KVELLER VIA JTA — “So, considering the two constituencies, what time do you think this event will REALLY start?” my smart-ass 15-year-old asked as he, my husband, our two younger kids and I were walking to a dinner celebrating 25 years of the Upper West Side temple my daughter attends for day school and an African-American Harlem church working together on various civil rights issues.
When I didn’t reply, he followed with, “You know, Jewish Standard Time … Colored People Time …”
“We got it,” my husband interrupted. “We just obviously didn’t feel it was worth commenting on.”
To be honest, my husband wasn’t too thrilled to be heading there, either. It was Friday night. He’s a middle-school math and physics teacher. It had been a long week and he was exhausted. The only reason he was going was because I had phrased it as a fact, not a question. And the reason I had done that was because I wanted to make it clear to the kids that their attendance wasn’t optional.
Here’s the deal: I’m Jewish. My husband is African-American. Our kids identify as both. Except when it comes to community events, the scale tips much further into the Jewish column. We welcome Shabbat on Friday nights. We celebrate the Jewish holidays. (We’d recently hosted a seder led by my second-grader.) We read books sent to us by the nice people at PJ Library. We talk about how Israel is portrayed on the news and the Jewish subtext of movies.
We also talk about the history of African-Americans. We discuss current events, especially recently the epidemic levels of police shootings with no repercussions. But there is more to being black than persecution. (The same thing goes for being Jewish. At the event, a handout listed all the things blacks and Jews have in common, and the bulk of it was who was killed where, when and in what numbers. Really? Is that it? How about beautiful brown eyes? Can we think of something even a little bit more positive?)
Unfortunately, when it comes to participating in the African-American community, I feel I – and by extension, we as a family – have been lacking. So much of the culture is church-based, and while my kids have been to a few gatherings at their paternal grandparents’ house of worship, it’s not a regular thing. We don’t celebrate Kwanzaa because my husband and I have philosophical issues with it. We try to buy what children’s books we can that feature African-American protagonists (“The Stories Julian Tells” series is awesome, by the way), and watch diverse movies and TV shows (though, for the record, both my husband and oldest son enjoyed the Asian-American immigrant comedy “Fresh Off the Boat” more than “Black-ish”).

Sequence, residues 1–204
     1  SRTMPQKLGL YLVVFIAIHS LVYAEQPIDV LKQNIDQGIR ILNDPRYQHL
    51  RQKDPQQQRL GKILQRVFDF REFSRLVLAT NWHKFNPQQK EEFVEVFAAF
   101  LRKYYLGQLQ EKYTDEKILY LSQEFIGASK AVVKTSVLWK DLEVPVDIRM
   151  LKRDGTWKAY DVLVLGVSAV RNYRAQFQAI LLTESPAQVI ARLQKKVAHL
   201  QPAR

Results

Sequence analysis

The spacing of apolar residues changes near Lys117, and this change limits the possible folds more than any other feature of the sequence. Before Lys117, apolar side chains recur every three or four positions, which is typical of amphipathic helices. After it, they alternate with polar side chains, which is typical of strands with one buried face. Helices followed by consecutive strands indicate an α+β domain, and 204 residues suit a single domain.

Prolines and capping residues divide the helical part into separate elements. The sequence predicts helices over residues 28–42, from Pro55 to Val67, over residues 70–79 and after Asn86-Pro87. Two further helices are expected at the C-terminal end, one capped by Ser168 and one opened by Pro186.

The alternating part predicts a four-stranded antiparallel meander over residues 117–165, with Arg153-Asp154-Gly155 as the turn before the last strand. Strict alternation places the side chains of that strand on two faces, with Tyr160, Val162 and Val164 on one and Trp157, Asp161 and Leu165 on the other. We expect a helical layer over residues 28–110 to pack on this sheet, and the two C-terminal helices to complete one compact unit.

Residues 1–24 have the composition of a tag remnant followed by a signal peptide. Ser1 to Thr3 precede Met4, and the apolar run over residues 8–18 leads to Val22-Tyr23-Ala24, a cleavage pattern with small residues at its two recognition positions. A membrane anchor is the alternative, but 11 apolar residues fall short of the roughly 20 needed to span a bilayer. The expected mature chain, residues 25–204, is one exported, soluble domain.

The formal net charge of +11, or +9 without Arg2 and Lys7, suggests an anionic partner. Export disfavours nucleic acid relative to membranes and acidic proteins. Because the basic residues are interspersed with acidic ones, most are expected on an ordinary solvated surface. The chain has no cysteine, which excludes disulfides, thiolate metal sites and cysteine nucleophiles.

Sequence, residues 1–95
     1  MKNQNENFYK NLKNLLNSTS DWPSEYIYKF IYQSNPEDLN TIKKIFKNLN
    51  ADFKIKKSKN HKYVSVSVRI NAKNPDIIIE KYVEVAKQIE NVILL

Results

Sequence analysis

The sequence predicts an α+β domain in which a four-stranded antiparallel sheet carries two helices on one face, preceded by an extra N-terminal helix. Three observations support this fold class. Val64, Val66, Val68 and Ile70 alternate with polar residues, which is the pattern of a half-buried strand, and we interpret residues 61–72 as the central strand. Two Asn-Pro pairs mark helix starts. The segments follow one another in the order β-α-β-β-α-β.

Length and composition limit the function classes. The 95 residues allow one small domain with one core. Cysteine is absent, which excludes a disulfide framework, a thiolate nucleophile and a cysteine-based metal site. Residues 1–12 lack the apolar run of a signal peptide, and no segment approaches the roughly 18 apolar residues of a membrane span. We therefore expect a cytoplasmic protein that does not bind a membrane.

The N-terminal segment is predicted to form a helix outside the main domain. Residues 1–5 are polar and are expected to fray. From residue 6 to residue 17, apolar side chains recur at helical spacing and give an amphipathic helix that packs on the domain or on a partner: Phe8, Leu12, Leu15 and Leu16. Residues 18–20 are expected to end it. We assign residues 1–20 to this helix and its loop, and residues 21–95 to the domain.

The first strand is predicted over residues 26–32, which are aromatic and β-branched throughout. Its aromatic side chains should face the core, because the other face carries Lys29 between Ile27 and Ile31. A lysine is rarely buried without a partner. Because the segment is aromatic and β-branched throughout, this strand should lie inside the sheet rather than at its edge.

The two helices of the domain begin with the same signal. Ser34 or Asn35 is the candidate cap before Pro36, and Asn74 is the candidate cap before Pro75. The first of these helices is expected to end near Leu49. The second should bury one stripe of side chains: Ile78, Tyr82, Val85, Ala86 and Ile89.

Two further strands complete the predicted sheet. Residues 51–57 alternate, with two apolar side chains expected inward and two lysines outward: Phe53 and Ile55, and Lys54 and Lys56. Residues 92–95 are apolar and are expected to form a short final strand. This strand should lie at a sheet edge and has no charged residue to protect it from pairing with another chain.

There are those who wonder why I’m the one in charge of my children’s African-American upbringing rather than a more obvious person like, say, my husband. But he subscribes to the comedian Chris Rock’s philosophy, “If Johnny can’t read, that’s Mama’s fault. If Johnny can’t read because the electric bill hasn’t been paid, that’s Daddy’s fault.”
Oh, and there’s one more thing: I care more about it than he does. I suspect it comes from my Jewish background and all that “Thou shalt teach them diligently unto thy children, and shalt talk of them when thou sittest in thine house, and when thou walkest by the way, and when thou liest down, and when thou risest up” stuff.
To my husband, your culture is just your culture. You don’t have to do anything special to pass it on; it’s perennially there, available for the absorbing by osmosis.
Uh-uh. Not in my multicultural home, thank you very much. In my home we work for everything.
So when the opportunity came up to attend this dinner, nobody was given a choice in the matter; off we all went. And it was lovely. (Though, to give my oldest son credit, it did start 40 minutes past the listed time; stereotypes are stereotypes for a reason.) There were speeches from rabbis and preachers about how these two groups worked together to fight for voting rights, set up homeless shelters and tend to AIDS patients. The Rev. Martin Luther King Jr.’s “I Have a Dream” speech was read out loud, and we sang “Let My People Go” and “We Shall Overcome.” (As an added bonus, my daughter managed not to spill grape juice on the white lace dress she insisted on wearing.)
How much did my kids actually absorb? I don’t really know. But learning isn’t a one-shot deal. It’s a gradual process, layer upon layer of repetition until something finally sticks. Not unlike finishing reading the Torah … before starting it all over again.
And at the end of the evening, my husband said, “That was nice. Thank you for dragging me to something I thought I didn’t want to go to.”
Yup, layer by layer …